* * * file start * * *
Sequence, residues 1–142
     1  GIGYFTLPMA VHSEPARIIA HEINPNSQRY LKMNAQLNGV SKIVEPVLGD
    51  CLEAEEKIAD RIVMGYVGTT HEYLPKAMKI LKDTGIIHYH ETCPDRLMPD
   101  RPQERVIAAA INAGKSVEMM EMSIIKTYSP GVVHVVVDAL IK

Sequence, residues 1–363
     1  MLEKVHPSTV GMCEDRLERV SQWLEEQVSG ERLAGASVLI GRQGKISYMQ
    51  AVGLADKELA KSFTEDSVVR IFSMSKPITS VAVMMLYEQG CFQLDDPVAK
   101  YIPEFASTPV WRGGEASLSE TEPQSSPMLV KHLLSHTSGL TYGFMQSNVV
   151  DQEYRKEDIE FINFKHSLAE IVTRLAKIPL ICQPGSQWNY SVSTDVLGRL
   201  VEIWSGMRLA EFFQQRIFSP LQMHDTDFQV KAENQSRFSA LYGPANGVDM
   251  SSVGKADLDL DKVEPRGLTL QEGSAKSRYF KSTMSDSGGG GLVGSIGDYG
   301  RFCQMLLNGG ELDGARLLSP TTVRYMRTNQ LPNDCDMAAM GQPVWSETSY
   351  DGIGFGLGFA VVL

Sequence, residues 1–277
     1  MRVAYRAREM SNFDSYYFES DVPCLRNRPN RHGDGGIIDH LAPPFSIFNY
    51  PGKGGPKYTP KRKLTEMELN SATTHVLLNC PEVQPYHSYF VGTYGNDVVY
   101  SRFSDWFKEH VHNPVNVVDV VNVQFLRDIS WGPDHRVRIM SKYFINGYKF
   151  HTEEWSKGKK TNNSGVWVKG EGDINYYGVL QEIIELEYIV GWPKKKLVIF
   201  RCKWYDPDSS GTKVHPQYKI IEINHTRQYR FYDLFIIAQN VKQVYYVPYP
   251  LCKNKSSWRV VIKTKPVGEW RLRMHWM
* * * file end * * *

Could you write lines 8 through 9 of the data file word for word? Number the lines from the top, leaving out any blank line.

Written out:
   101  YIPEFASTPV WRGGEASLSE TEPQSSPMLV KHLLSHTSGL TYGFMQSNVV
   151  DQEYRKEDIE FINFKHSLAE IVTRLAKIPL ICQPGSQWNY SVSTDVLGRL